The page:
o “A change in judgment that results in subsequent recognition, derecognition, or change in measurement of a tax position taken in a prior interim period within the same fiscal year is an integral part of an annual period and, consequently, shall be reflected pursuant to the provisions of paragraph 19 of APB Opinion No. 28, Interim Financial Reporting, and FASB Interpretation No. 18, Accounting for Income Taxes in Interim Periods.” (Para. 14, FIN 48)
· Interest and Penalties:
o “When the tax law requires interest to be paid on an underpayment of income taxes, an enterprise shall begin recognizing interest expense in the first period the interest would begin accruing according to the provisions of the relevant tax law. The amount of interest expense to be recognized shall be computed by applying the applicable statutory rate of interest to the difference between the tax position recognized in accordance with this Interpretation and the amount previously taken or expected to be taken in a tax return.” (Para. 15, FIN 48)
o “If a tax position does not meet the minimum statutory threshold to avoid payment of penalties (considering the factors in paragraph 7 of this Interpretation), an enterprise shall recognize an expense for the amount of the statutory penalty in the period in which the enterprise claims or expects to claim the position in the tax return. If penalties were not recognized when the position was initially taken, the expense shall be recognized in the period in which the enterprise’s judgment about meeting the minimum statutory threshold changes. Previously recognized interest and penalties associated with tax positions that subsequently meet one of the conditions in paragraph 10 of this Interpretation shall be derecognized in the period that condition is met.” (Para. 16, FIN 48)
· Disclosures: The following disclosures are required by FIN 48 (paragraphs 20, 21 of FIN 48):
Ø The entity’s policy on classification of interest and penalties in accordance with paragraph 19 of FIN 48 is to be disclosed in the footnotes to the financial statements.
Ø The following must be disclosed at the end of each annual reporting period presented:
a. A tabular reconciliation of the total amounts of unrecognized tax benefits at the beginning and end of the period, which shall include at a minimum:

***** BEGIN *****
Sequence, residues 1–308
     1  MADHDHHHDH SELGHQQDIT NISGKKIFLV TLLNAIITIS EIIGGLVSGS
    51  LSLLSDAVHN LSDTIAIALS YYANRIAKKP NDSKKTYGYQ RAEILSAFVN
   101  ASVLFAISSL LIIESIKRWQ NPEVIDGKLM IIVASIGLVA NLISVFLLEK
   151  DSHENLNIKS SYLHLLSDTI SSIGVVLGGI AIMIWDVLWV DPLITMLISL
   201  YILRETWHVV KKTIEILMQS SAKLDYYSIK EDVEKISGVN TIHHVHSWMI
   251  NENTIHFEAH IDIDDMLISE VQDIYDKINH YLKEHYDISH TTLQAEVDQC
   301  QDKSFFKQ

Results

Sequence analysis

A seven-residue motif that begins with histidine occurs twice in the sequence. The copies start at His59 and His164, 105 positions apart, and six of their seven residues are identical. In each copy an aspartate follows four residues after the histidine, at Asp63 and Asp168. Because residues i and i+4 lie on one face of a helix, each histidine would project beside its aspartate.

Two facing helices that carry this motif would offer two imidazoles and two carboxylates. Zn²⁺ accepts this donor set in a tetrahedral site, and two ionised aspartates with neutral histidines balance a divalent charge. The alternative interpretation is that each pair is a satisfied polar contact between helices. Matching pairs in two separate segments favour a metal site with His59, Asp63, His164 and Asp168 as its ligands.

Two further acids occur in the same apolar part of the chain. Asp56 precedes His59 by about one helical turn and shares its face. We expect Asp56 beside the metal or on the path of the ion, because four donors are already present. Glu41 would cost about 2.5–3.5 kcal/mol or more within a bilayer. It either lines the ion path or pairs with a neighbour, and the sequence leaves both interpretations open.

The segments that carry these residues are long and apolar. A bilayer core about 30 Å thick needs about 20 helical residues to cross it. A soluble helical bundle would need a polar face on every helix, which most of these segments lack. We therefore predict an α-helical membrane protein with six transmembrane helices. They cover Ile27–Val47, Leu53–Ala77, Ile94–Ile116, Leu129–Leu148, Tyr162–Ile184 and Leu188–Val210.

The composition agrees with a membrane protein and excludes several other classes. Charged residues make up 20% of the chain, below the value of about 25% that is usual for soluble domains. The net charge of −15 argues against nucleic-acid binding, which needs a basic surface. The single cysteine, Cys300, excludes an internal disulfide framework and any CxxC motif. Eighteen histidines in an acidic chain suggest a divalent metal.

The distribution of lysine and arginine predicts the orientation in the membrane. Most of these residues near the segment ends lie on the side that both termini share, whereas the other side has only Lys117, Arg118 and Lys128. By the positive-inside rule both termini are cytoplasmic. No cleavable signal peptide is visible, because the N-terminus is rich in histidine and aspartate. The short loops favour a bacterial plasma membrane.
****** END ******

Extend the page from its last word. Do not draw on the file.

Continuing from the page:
(1) The gross amounts of the increases and decreases in unrecognized tax benefits as a result of tax positions taken during a prior period
(2) The gross amounts of increases and decreases in unrecognized tax benefits as a result of tax positions taken during the current period
(3) The amounts of decreases in the unrecognized tax benefits relating to settlements with taxing authorities
(4) Reductions to unrecognized tax benefits as a result of a lapse of the applicable statute of limitations
b. The total amount of unrecognized tax benefits that, if recognized, would affect the effective tax rate
c. The total amounts of interest and penalties recognized in the statement of operations and the total amounts of interest and penalties recognized in the statement of financial position
d. For positions for which it is reasonably possible that the total amounts of unrecognized tax benefits will significantly increase or decrease within 12 months of the reporting date:
(1) The nature of the uncertainty
(2) The nature of the event that could occur in the next 12 months that would cause the change
(3) An estimate of the range of the reasonably possible change or a statement that an estimate of the range cannot be made
e. A description of tax years that remain subject to examination by major tax jurisdictions.
FASB Interpretation No. 48, “Accounting for Uncertainty in Tax Positions - an Amendment of FAS 109” (FIN 48)
· FASB Press Release
· FASB FIN 48:
· FASB Summary
FSP No. 13-2, “, "Accounting for a Change or Projected Change in the Timing of Cash Flows Relating to Income Taxes Generated by a Leveraged Lease Transaction."
See also other summaries prepared by accounting firms, available on this FEI webpage.
Updated July 17, 2006 by Edith Orenstein (eorenstein@FinancialExecutives.org), Director, Technical Policy Analysis, Financial Executives International (FEI). This summary does not represent FEI opinion, unless specifically noted above.